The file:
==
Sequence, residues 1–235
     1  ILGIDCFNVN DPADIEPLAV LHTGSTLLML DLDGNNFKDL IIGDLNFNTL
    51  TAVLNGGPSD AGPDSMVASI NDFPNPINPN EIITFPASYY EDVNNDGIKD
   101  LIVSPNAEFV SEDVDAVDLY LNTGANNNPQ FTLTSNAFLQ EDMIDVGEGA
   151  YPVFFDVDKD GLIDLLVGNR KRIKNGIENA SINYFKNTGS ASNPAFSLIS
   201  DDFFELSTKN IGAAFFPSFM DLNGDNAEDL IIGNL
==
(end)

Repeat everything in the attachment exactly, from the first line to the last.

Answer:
Sequence, residues 1–235
     1  ILGIDCFNVN DPADIEPLAV LHTGSTLLML DLDGNNFKDL IIGDLNFNTL
    51  TAVLNGGPSD AGPDSMVASI NDFPNPINPN EIITFPASYY EDVNNDGIKD
   101  LIVSPNAEFV SEDVDAVDLY LNTGANNNPQ FTLTSNAFLQ EDMIDVGEGA
   151  YPVFFDVDKD GLIDLLVGNR KRIKNGIENA SINYFKNTGS ASNPAFSLIS
   201  DDFFELSTKN IGAAFFPSFM DLNGDNAEDL IIGNL